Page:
Aside from working to cool Japanese ardour to build up this budding quadrilateral alliance - Tokyo is now one of the most enthusiastic endorsers of the "Indo-Pacific" concept spawned by the US Pacific Command - Mr Xi must surely see other good reasons for making nice with Mr Abe.

For one thing, it is obvious that the Chinese President, as he settles down for the next five years, and perhaps even beyond, is not the only durable-looking leader in his neighbourhood. Mr Abe has shown surprising resilience himself and looks likely to extend his domination with a snap election that could be announced as early as upon his return from the annual UN General Assembly meetings currently being held in New York.

Also, it is obvious that not expecting to be given a second shot at power after he resigned his first term on account of poor health, Mr Abe is determined now to leave a lasting imprint on his nation, just as Mr Xi himself is with his own country.

It is clear too that while Japan is indeed concerned about Chinese assertiveness in the Asian region, it does not see the mainland as a "threat" on the same lines as it sees North Korea. Conversely, Beijing perhaps judges Mr Abe to be less of a revisionist than it had initially thought him to be. Far better for both then to build a good working relationship even if warmth is some distance away.

MONEY AND MARKETS

Beyond strategic issues, economics is also playing a hand.

China's convulsive anger over the nationalisation of the Senkakus proved so blinding that among the Japanese factories on the mainland that were attacked by mobs was the Panasonic plant in Shandong. Yet, four decades ago, it was Panasonic owner Konosuke Matsushita, reacting to a direct request from Deng Xiaoping, who had led large-scale Japanese investment on the mainland, predicting that the 21st century would be "the era of Asia, including Japan and China". Panasonic continued to invest in China even when it was in the global doghouse over the Tiananmen Square incident.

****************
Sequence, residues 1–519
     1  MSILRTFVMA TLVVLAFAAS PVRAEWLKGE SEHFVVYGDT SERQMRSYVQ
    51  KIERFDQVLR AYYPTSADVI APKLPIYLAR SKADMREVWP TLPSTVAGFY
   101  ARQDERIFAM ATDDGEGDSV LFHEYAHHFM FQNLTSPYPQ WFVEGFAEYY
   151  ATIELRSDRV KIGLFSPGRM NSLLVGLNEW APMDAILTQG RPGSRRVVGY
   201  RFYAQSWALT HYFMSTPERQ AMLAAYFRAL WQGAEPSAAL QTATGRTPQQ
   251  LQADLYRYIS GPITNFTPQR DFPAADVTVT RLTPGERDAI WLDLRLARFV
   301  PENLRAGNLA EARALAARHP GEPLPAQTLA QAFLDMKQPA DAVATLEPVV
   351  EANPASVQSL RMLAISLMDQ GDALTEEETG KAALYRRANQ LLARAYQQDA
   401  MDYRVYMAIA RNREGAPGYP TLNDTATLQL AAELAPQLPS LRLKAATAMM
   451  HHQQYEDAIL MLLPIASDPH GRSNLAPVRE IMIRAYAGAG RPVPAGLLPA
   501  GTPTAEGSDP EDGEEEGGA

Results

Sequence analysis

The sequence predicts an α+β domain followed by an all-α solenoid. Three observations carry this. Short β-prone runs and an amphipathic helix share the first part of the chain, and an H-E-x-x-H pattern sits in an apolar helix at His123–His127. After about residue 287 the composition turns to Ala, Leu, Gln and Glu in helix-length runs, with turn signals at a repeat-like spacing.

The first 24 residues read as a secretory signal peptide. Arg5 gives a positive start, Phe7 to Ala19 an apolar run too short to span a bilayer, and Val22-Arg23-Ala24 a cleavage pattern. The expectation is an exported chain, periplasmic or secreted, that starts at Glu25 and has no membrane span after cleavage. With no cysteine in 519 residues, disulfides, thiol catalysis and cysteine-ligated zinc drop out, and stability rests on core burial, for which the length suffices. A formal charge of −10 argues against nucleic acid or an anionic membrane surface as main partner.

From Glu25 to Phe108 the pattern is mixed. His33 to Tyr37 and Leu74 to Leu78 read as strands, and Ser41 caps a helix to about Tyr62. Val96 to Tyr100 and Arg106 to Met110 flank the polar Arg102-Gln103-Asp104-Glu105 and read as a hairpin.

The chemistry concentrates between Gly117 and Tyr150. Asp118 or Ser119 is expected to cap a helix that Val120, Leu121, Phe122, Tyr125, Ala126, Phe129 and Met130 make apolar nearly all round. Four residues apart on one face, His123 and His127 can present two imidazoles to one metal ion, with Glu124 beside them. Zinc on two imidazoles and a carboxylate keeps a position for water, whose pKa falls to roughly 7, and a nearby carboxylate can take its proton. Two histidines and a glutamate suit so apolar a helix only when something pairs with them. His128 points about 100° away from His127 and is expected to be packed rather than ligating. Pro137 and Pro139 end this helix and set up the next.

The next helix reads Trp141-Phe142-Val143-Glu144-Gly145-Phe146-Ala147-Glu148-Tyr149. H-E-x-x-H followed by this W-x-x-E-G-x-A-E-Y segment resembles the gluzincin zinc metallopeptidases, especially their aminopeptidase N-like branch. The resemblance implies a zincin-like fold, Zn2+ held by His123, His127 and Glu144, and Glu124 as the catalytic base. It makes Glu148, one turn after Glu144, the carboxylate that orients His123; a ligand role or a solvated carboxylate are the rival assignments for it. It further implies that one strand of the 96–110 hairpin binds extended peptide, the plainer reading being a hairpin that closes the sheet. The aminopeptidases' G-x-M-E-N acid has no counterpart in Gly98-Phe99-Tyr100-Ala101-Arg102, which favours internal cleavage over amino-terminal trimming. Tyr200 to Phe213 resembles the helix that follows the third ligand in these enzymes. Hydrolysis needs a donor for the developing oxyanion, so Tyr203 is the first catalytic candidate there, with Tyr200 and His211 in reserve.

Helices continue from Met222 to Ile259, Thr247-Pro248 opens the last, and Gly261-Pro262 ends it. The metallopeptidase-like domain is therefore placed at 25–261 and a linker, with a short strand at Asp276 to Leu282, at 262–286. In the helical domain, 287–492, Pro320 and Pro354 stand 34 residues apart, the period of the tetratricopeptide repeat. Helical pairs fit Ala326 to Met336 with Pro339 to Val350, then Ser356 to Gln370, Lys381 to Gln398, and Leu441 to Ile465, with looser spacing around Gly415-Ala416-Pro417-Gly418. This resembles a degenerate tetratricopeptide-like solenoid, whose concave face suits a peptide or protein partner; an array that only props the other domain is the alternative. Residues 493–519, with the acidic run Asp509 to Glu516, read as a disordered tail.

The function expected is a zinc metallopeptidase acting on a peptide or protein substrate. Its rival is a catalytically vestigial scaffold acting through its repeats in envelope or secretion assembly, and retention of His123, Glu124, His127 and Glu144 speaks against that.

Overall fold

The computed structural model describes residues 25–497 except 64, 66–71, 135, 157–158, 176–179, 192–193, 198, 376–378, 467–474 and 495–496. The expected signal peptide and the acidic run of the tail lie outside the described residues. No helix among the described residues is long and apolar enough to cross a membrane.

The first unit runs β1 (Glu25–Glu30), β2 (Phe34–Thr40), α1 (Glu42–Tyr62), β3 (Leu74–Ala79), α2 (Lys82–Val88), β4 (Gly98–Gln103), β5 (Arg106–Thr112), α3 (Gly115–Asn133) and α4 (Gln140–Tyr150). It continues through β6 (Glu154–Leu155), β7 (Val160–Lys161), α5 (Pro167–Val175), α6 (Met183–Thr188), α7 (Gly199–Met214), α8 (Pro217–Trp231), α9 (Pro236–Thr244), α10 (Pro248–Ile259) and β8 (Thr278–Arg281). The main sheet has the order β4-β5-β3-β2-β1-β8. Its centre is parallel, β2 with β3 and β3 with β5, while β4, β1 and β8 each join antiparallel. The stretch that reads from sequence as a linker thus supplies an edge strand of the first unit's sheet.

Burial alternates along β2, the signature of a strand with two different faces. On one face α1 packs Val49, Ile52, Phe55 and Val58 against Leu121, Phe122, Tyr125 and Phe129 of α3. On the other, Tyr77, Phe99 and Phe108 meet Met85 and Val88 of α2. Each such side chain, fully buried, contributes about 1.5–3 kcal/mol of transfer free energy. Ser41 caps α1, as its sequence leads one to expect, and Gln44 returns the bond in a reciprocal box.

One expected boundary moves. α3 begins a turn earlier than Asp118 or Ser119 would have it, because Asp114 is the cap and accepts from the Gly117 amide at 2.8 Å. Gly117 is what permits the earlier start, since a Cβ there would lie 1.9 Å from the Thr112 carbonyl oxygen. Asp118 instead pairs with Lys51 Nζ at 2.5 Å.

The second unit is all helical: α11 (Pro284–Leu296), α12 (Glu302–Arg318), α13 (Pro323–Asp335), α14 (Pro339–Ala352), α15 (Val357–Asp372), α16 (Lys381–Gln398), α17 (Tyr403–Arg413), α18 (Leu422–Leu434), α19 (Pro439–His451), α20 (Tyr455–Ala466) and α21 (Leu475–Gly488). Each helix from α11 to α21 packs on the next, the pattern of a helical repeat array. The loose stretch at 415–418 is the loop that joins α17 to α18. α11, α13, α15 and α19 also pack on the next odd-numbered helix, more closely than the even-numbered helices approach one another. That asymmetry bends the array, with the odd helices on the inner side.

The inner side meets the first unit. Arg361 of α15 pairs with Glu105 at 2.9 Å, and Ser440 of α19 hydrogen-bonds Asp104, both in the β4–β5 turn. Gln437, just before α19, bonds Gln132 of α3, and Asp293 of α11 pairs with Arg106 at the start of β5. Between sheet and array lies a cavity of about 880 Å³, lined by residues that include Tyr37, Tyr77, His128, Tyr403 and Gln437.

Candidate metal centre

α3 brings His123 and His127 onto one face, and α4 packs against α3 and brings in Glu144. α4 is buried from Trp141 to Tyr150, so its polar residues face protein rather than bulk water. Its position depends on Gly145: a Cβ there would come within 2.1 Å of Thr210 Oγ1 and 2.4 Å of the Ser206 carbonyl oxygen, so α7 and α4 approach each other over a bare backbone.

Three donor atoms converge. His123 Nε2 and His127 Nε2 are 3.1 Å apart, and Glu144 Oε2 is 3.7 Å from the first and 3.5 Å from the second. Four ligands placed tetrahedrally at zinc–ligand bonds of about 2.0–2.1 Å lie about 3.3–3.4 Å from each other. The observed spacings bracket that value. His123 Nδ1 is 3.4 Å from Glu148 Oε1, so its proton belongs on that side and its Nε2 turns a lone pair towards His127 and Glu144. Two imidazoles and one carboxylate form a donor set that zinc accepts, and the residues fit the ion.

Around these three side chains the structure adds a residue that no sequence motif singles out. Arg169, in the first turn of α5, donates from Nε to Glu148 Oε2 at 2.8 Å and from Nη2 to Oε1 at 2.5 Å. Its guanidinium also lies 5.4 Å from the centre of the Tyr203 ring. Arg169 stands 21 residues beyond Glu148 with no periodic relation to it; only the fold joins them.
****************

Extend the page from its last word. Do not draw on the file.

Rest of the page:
Japanese companies are now actively looking away from China and towards Asean and India. With foreign direct investment inflows sliding - Singapore has emerged as the top FDI source for China - it makes little sense for China to present a hostile environment for Japanese investors, who, for their part, are acutely aware of the imperatives of continued access to the Chinese market.

Just take tourism. Chinese accounted for 27 per cent of the 24 million visitors Japan received last year. While their spending has eased somewhat lately - the Japanese coined the term "bakugai" (explosive spending) for them - Chinese still account for an estimated 40 per cent of the 1.48 trillion yen (S$18 billion) that tourists in Japan spent last year.

This is not to suggest that a new dawn for Sino-Japanese ties is on the horizon. Mutual suspicions abound, and will not go away in a hurry.

This week, China Post of Taiwan reported that the Japan Coast Guard will strengthen its training system for JCG officers stationed on Miyakojima island in Okinawa prefecture, a base for the defence of waters around the Senkaku islands. The JCG plans to set up its first shooting range in the nation's remote islands in 2019, according to China Post. It also plans to conduct training simulations for detaining the crews of Chinese fishing boats that have intruded into Japan's territorial waters.

For its part China has increased the number of Coast Guard vessels on regular patrol around the Senkakus/Diaoyu from three to four. The Japanese complain that maritime intrusions have been more frequent as well, that China has been doing energy exploration closer to the medium line and that its air defences are being probed at a rate not seen in more than a decade. On the other hand, Chinese public rhetoric on Japan has not been as hard lately as it used to be.

Clearly, not all of the mutual suspicions will evaporate; nor does anyone expect Mr Xi and Mr Abe to be carving each other's names on their favourite trees. But, as long as they have an honest dialogue, and agree not to aggravate each other's insecurities, there is reason for some cheer.

A version of this article appeared in the print edition of The Straits Times on September 22, 2017, with the headline 'Sino-Japan ties set for thaw?'. Print Edition | Subscribe